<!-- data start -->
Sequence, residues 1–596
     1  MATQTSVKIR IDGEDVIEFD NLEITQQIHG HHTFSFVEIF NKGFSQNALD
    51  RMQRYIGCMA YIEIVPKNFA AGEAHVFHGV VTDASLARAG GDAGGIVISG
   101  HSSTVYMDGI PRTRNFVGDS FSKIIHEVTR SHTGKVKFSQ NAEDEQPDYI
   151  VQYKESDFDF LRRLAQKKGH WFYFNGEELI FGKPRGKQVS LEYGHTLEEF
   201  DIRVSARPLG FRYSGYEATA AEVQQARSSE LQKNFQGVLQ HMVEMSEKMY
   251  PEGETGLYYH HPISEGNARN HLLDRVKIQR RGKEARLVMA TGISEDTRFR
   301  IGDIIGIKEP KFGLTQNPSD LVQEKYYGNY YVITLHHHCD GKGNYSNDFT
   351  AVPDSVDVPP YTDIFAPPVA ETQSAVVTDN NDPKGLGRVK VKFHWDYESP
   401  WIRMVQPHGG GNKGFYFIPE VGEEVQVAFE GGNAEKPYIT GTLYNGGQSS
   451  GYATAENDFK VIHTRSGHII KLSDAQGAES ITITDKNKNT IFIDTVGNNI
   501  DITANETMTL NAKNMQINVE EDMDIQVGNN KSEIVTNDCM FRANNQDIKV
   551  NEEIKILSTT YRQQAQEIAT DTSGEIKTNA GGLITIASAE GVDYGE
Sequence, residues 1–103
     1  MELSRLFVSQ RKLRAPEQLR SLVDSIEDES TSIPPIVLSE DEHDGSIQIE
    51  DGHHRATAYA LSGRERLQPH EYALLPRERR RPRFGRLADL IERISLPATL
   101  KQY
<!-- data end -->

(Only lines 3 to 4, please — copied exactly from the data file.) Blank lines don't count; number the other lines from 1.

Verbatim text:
    51  RMQRYIGCMA YIEIVPKNFA AGEAHVFHGV VTDASLARAG GDAGGIVISG
   101  HSSTVYMDGI PRTRNFVGDS FSKIIHEVTR SHTGKVKFSQ NAEDEQPDYI